• That same month in Grand Island, Nebraska, 19-year-old Emilio DeLeon was electrocuted after coming in contact with power lines while working as a roofer. DeLeon was in the bucket of a crane when the lines were touched.

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Restaurants, Grocery Stores & Retail Stores (Segment from NCL’s Five Most Dangerous Jobs for Teens 2012)

In terms of raw numbers, retail establishments, restaurants, and grocery stores are three of the largest employers of teen workers. While not a “most dangerous” job for teens, these workplaces can be dangerous.

According to 2009 data from the Centers for Disease Control and Prevention (CDC), 44 percent of 15- to 17-year-olds work in the “leisure/hospitality” sector, mostly in restaurants and other food service. Nearly one in four (24 percent) work in retail jobs. Not surprisingly, a lot of teen occupational injuries occur in those two sectors. Nationally, nearly half of teenagers injured on the job work in restaurants or other “leisure/hospitality” companies. Three in 10 work in retail establishments.

The Massachusetts teen worker survey mentioned previously found similar results: among the accommodation and food service sector and the retail trade sector accounted for 58 percent of the workers’ compensation lost wages claims because of injuries.

In a 2007 article in Pediatrics by Carol Runyan, et al., based on a phone survey of 14- to 18-year-olds employed in the retail and service sectors found that “despite federal regulations prohibiting teens under 18 from using certain types of dangerous equipment (e.g., slicers, dough mixers, box crushers, paper balers) or serving or selling alcohol in places where it is consumed, 52 percent of males and 43 percent of females reported having performed [more than one] prohibited task.”

Many teens work in restaurants are at risk of burns and other kitchen-related injuries. In some states, restaurants rank first in the number of youth work injuries, although the injuries are often less severe than in many of the occupations cited in this report.… Read the rest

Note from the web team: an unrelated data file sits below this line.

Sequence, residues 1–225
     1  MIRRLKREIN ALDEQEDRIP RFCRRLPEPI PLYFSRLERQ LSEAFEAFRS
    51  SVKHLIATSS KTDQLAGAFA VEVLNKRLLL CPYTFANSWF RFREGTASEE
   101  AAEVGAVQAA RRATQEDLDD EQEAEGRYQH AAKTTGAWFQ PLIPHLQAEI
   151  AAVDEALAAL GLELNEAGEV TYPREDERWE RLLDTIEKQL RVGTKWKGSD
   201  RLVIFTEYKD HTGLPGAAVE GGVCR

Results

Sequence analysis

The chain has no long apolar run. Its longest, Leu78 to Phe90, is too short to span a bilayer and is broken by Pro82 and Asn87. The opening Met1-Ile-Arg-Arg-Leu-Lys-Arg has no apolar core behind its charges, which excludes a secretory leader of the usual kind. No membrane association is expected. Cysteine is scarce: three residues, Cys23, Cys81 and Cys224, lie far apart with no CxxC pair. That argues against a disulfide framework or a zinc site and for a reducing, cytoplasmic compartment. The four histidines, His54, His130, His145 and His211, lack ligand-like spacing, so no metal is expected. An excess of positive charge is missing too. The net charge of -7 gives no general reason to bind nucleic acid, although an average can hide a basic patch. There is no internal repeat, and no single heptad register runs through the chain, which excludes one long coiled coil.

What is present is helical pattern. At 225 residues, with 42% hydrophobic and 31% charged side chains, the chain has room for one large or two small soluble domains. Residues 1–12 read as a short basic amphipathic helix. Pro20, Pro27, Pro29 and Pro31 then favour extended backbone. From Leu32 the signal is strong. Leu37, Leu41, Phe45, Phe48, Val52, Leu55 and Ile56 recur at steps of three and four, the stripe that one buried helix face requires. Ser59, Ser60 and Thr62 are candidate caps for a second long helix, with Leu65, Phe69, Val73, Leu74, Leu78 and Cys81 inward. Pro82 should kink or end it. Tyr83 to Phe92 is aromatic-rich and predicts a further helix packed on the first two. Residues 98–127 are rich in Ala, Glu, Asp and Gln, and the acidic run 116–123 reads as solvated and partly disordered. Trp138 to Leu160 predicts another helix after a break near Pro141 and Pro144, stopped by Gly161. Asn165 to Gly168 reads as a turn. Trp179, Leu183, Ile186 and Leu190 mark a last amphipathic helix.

Driver/Operator, Forklifts, Tractors, and All-Terrain Vehicles (ATVs)–One of the Five Most Dangerous Jobs for Teens 2012

Forklifts, tractors, and all-terrain vehicles pose dangers for many young workers. Several youth tractor accidents have been detailed in our section on agricultural fatalities and injuries. Some examples of forklift and vehicle accidents involving youth:

• On May 11, 2009, Miguel Herrera-Soltera drove a forklift up a ramp when it tipped over. The boy fell out of the forklift which landed on top of him. Fellow workers used another forklift to extricate the boy but he died at the hospital.
• Nathan Lundin, 12, died in Gifford, Indiana in March 2009, when he was struck by an object falling off a moving forklift at his family’s business, Upright Iron Works, Inc.
• In March 2008, a 15-year-old boy suffered a serious leg injury in a Portland, Oregon wrecking lot when a 17-year-old co-worker operating a front loader knocked over a stack of cars and part of a concrete wall collapsed onto the younger boy. No one under 18 is allowed to work in an auto wrecking area, or operate a front loader, according to The Oregonian newspaper.
• John Sanford, 18, a forklift operator in Toledo mistakenly thought he put his forklift in park. The machine was in neutral and when Sanford walked in front of it, he was pinned between a trash receptacle and the lift and killed. (December 2007)
• A 17-year-old in California died when the forklift he was operating rolled over on him. The youth had only been employed one hour and misguidedly took the initiative to operate the forklift.… Read the rest